1 July 2022
Endometriosis affects up to 176 million women worldwide. Too often Endometriosis is pigeonholed as a “hormonal problem”, because of oestrogen dominance. Endometriosis is not a hormonal condition. It’s affected by oestrogen but is not caused by oestrogen or a dominance of oestrogen.
So what IS going on? Endometriosis is a whole body underlying inflammatory immune system condition requiring a multi system approach. It is affected by oestrogen, which is a proliferative hormone (keep this in mind).
Rather the mechanisms are multifactorial, all require exploring. A starting strategy would be to reduce mast cell activation & histamine because mast cells are key players in the immune dysfunction of endometriosis. See my blog post tips ♀HistHERmine: The Link with Women's Hormones and �� Histamine
Women with endometriosis have a high level of gram-negative bacteria in the pelvic microbiome & researchers think that the toxin LPS (lipopolysaccharide) from those bacteria could play a role in the development of the condition.
Imbalances in gut & reproductive tract microbiota composition, known as dysbiosis, disrupt normal immune function, leading to the elevation of proinflammatory chemicals (cytokines), compromised immunosurveillance - all of which may contribute to the pathogenesis of endometriosis.
Over time, this immune dysregulation can progress into a chronic state of inflammation, creating an environment conducive to increased adhesion and angiogenesis (the development of new blood vessels), which may drive the vicious cycle of endometriosis onset & progression.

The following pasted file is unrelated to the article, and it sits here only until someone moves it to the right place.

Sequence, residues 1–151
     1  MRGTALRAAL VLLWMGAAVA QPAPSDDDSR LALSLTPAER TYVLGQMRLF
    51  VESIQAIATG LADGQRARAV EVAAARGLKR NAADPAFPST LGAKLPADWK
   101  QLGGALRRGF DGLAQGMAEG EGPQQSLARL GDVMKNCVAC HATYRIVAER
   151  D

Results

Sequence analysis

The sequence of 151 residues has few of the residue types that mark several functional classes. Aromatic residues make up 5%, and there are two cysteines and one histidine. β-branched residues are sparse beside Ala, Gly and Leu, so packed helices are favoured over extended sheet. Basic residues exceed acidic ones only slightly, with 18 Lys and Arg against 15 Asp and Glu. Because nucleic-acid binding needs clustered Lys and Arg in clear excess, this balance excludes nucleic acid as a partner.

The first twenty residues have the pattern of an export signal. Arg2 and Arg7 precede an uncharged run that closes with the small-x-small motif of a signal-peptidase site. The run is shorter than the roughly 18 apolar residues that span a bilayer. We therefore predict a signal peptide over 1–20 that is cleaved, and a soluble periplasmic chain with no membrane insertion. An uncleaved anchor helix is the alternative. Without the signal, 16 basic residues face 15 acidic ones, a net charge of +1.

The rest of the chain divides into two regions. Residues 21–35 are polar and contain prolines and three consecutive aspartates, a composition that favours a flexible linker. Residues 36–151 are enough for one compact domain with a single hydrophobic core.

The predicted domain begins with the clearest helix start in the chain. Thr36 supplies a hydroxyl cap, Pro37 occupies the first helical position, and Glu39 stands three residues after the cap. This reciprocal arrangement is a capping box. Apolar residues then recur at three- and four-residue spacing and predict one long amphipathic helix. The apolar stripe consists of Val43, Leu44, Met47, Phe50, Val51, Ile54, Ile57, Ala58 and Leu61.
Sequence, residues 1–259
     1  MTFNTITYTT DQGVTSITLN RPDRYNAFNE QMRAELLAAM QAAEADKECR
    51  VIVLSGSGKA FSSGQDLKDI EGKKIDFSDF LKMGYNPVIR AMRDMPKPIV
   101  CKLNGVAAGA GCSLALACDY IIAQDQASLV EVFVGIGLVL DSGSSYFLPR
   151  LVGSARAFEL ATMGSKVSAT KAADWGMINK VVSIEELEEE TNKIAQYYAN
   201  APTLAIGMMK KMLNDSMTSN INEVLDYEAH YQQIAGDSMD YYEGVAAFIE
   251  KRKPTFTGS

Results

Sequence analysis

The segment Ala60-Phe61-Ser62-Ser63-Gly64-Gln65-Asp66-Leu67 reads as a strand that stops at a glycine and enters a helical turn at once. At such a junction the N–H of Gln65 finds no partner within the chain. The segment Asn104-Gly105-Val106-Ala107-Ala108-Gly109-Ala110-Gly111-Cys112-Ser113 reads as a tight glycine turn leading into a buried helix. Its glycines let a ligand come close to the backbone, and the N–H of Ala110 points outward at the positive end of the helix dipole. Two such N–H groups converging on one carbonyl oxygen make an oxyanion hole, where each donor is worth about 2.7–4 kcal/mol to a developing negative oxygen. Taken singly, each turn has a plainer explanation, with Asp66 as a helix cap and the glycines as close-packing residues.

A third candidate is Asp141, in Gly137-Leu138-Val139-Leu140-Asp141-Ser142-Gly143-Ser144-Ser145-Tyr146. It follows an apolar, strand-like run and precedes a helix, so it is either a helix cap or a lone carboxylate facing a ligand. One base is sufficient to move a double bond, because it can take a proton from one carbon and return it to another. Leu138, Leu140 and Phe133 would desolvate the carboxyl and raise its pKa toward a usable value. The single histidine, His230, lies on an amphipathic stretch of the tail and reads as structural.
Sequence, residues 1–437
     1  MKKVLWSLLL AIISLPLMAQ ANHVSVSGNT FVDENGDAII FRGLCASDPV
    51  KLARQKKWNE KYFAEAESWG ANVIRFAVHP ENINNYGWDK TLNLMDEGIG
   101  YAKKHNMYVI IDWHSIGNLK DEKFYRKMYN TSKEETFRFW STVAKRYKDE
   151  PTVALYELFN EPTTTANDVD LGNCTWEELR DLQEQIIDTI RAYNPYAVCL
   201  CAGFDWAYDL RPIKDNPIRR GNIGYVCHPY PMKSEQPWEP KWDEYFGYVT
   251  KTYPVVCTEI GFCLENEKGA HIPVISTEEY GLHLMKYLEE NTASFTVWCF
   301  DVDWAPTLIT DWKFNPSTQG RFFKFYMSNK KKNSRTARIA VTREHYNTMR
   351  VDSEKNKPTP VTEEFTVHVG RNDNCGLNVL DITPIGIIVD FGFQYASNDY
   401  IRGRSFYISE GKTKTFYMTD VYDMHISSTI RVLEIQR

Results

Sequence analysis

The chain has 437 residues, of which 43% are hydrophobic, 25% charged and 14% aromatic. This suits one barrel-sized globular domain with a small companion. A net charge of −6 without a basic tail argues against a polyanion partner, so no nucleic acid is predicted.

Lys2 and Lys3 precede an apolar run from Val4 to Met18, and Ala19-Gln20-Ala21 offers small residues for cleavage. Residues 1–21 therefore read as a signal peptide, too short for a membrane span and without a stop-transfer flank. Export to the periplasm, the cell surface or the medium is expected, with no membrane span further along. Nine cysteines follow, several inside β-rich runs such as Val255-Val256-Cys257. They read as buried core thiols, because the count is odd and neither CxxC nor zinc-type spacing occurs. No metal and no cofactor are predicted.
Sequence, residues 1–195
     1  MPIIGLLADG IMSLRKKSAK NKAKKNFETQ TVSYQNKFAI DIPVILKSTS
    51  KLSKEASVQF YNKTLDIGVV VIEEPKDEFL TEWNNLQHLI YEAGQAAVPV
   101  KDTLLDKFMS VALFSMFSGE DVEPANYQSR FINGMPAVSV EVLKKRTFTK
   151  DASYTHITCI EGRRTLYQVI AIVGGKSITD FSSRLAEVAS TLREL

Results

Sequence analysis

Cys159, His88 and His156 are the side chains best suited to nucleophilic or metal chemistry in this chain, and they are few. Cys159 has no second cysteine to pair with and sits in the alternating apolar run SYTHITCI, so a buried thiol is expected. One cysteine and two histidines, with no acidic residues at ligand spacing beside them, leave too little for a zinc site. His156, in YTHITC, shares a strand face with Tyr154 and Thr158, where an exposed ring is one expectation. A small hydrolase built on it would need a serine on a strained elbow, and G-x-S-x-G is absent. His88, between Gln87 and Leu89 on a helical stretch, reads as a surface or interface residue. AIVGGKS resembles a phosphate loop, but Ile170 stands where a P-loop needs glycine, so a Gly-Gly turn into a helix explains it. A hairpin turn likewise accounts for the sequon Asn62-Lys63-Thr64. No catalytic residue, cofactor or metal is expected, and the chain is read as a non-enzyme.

Recent studies have demonstrated endometriotic microbiotas have been consistently associated with diminished Lactobacillus dominance: Lactobacillus jensenii, Lactobacillus reuteri, and Lactobacillus iners, as well as the elevated abundance of bacterial vaginosis-related bacteria and other opportunistic pathogens: Clostridium butyricum, Clostridium disporicum, Alloscardovia omnicolens, and Veillonella montpellierensis.
So much so that a study reported that women with a history of gynaecological infection are twice as likely to develop endometriosis!
I highly recommend working with a practitioner that uses Invivo Healthcare to assess the vaginal microbotia through their Vaginal Ecologix test so species and strain-specfic probiotics can be prescribed accordingly.
And of course working on the microbiome as a whole is vitally important here - it’s all about plants, fibre and phytonutrients.
Endometriosis - working on the microbiome
Our daily food intake should include:
2 cups dark leafy greens - Choose from: beet greens, dandelion greens, kale, lettuce (endive, greens, radicchio, romaine, spring, mustard greens, spinach, chard).
2 cups cruciferous vegetables - Choose from: rocket, bok choi, broccoli, broccoli sprouts, brussels sprouts, cabbage, cauliflower, kale, kohlrabi, mustard greens, radishes, swede, turnips, watercress.
3 cups colourful vegetables - Choose from: artichokes, asparagus, bean sprouts, peppers (red, orange, yellow, green), cucumbers, aubergine, green beans, green peas, leeks, okra, onions, parsley, radicchio, radishes, sea vegetables (kelp, spirulina, wakame), squash, sweet potato, tomato (including sun-dried tomatoes), watercress, courgette.